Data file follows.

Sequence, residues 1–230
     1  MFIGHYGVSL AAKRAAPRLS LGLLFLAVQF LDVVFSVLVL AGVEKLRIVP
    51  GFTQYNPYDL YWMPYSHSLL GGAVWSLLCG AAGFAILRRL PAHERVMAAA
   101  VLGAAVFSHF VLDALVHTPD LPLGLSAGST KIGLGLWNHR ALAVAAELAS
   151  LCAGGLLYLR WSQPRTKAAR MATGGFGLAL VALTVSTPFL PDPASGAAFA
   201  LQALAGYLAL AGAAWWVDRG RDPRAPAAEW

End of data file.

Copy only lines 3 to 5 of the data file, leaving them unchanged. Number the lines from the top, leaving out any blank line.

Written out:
    51  GFTQYNPYDL YWMPYSHSLL GGAVWSLLCG AAGFAILRRL PAHERVMAAA
   101  VLGAAVFSHF VLDALVHTPD LPLGLSAGST KIGLGLWNHR ALAVAAELAS
   151  LCAGGLLYLR WSQPRTKAAR MATGGFGLAL VALTVSTPFL PDPASGAAFA